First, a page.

“Nanoscience is a hot issue right now, and people are trying to create self-assembled nanoparticle arrays for data and memory storage,” Argonne assistant physicist Zhang Jiang said. “In these devices, the degree of ordering is an important factor.”
In order to call up a specific bit of data, it is ideal to store information on a two-dimensional crystal lattice with well-defined graphical coordinates. For example, every bit of information of a song saved on a hard drive must be stored at specific locations, so it can be retrieved later. However, in most cases, defects are inherent in nanoparticle crystal lattices.
Assistant physicist Zhang Jiang (from left) examines a X-ray diffraction as physicist Jin Wang and nanoscientist Xiao-Min Lin prepare a sample at one of the Advanced Photon Source’s beamlines. The Argonne scientists have examined nanoparticle crystallization in unprecedented detail using the high powered X-rays of the APS.
“Defects in a lattice are like potholes on a road,” Argonne physicist Jin Wang said. “When you’re driving on the highway, you would like to know whether it is going to be a smooth ride or if you will have to zigzag in order to avoid a flat tire. Also, you want to know how the potholes form in the first place, so we can eliminate them.”
Controlling the degree of ordering in nanoparticle arrays has been elusive. The number of nanoparticles a chemist can make in a small volume is astonishingly large.
“We can routinely produce 1014 particles in a few droplets of solution. That is more than the number of stars in the Milky Way Galaxy,” Argonne nanoscientist Xiao-Min Lin. “To find conditions under which nanoparticles can self-assemble into a crystal lattice with a low number of defects is quite challenging.”
Because nanoparticles are so small, it is not easy to see how ordered the lattice is during the self-assembly process. Electron microscopy can see individual nanoparticles, but the field of view is too small for scientists to get a “big picture” of what the ordering is like in macroscopic length scale. It also doesn’t work for wet solutions.
"With local ordering, one cannot assume the same order exists throughout the whole structure; it’s like seeing a section of road and assuming it is straight and well constructed all the way to the end,” Wang said.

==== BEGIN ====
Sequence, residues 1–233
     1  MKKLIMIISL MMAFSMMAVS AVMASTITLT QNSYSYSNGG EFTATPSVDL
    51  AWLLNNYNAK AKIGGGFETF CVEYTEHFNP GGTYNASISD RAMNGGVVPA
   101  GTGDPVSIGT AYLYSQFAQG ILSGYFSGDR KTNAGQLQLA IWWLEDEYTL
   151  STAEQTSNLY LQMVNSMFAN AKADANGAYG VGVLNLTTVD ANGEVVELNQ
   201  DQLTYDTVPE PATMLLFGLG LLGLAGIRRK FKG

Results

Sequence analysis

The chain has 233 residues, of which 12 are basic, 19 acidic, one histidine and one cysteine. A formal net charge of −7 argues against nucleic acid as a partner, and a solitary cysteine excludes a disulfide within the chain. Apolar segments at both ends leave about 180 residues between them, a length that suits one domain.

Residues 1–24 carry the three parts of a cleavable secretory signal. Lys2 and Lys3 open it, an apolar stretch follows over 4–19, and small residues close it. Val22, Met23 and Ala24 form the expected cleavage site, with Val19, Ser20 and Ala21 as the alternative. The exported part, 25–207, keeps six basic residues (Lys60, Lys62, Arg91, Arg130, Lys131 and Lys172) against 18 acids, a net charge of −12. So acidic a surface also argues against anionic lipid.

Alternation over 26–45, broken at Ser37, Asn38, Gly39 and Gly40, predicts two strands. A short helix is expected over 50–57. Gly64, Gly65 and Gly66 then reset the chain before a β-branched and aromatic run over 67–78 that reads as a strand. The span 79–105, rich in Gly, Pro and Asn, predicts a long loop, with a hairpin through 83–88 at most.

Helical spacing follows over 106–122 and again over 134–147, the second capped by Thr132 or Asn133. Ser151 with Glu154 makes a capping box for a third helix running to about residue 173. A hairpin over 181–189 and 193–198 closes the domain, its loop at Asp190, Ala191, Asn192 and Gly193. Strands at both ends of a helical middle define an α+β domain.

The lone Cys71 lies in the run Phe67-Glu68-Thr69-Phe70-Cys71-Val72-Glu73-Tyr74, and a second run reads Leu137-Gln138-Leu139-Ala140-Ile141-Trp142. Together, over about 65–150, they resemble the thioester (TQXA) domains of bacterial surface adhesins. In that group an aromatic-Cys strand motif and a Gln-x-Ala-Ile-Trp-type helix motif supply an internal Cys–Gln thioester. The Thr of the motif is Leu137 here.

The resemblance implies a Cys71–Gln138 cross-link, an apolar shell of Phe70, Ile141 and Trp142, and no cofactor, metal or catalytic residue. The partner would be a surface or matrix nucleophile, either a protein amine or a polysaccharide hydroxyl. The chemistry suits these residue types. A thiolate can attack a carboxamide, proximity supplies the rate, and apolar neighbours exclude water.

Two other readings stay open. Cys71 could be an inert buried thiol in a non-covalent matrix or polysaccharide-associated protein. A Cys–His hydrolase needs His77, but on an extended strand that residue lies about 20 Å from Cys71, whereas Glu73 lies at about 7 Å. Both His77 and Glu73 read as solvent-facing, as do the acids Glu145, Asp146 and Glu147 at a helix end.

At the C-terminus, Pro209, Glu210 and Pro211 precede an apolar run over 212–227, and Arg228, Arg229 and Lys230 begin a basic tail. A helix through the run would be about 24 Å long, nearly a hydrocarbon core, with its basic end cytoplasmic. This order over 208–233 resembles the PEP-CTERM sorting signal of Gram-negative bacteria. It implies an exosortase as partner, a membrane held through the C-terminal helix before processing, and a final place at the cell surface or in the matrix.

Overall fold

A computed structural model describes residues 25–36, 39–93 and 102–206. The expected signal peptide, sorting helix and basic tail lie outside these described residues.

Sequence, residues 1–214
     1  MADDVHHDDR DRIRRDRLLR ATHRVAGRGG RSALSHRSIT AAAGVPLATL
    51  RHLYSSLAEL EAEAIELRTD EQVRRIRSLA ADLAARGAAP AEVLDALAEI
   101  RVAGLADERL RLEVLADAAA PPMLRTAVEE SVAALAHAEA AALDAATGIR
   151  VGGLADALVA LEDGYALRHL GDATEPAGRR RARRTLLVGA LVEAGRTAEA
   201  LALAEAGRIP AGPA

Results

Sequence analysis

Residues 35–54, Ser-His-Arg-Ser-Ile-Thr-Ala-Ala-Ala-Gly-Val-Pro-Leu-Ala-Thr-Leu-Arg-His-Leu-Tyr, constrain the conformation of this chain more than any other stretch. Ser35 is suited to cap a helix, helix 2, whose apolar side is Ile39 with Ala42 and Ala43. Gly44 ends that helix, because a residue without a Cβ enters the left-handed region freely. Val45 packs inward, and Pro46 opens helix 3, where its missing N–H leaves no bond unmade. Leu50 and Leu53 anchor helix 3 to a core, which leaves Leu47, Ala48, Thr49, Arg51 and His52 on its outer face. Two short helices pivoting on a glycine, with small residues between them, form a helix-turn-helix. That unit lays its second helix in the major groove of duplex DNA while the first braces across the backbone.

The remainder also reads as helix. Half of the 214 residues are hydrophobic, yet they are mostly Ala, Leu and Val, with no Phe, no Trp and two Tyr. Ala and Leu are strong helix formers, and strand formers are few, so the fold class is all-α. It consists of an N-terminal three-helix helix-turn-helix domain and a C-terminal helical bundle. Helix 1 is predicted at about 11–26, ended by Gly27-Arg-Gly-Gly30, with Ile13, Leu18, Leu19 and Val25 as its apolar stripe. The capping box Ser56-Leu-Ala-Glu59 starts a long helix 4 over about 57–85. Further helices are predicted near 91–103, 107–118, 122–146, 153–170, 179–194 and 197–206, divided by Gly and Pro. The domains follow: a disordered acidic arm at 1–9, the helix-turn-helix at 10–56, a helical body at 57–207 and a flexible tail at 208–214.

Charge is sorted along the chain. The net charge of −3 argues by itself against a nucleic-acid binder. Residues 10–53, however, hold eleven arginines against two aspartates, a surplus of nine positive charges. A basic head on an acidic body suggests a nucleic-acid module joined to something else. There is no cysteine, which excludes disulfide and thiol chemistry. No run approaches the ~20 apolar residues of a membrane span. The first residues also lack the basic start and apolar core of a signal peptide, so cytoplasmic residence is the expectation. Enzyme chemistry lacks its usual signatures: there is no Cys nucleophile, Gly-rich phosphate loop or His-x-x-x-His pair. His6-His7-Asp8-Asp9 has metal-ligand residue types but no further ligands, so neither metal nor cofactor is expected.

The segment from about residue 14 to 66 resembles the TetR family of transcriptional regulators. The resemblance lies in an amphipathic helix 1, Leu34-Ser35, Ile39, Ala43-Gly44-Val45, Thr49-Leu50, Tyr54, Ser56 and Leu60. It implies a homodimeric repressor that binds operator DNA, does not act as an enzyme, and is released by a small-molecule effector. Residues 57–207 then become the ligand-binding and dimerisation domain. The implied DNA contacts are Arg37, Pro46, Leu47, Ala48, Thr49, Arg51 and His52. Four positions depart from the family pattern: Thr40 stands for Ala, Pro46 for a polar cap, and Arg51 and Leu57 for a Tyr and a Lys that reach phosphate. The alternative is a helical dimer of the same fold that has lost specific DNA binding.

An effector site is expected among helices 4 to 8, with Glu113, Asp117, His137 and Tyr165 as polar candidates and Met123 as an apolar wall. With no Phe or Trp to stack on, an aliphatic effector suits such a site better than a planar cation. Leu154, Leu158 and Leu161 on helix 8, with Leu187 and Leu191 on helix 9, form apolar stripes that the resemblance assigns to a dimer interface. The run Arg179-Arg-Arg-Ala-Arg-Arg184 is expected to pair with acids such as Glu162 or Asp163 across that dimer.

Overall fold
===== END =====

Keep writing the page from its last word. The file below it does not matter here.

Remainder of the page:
The same group of researchers at Argonne, together with their collaborators at the University of Chicago, discovered that under the right conditions, nanoparticles can float at a liquid-air interface of a drying liquid droplet and become self-organized.
This allows the two-dimensional crystallization process to occur over a much longer time scale. “You typically don’t expect metallic particles to float. It is like throwing stones into a pond and expecting them to float on the surface,” Lin said. “But in the nanoworld, things behave differently.”
Using high-resolution X-ray scattering at the Advanced Photon Source (APS), Jiang and the others examined the crystallization process in unprecedented detail as it forms in real time. They discovered that the nanoparticle arrays formed at the liquid-air interface can enter a regime of a highly crystalline phase defined in the classical two-dimensional crystal theory. Only when the solvent starts to dewet from the surface, do defects and disorder begin to appear.
“We can probe the entire macroscopic sample and monitor what’s happening in real time,” Jiang said. "This allows us to understand what parameters are important to control the self-assembly process.”
With this level of understanding, the scientists hope that one day devices such as the iPod Nano can be made from nanoparticles.
Source: Argonne National Laboratory
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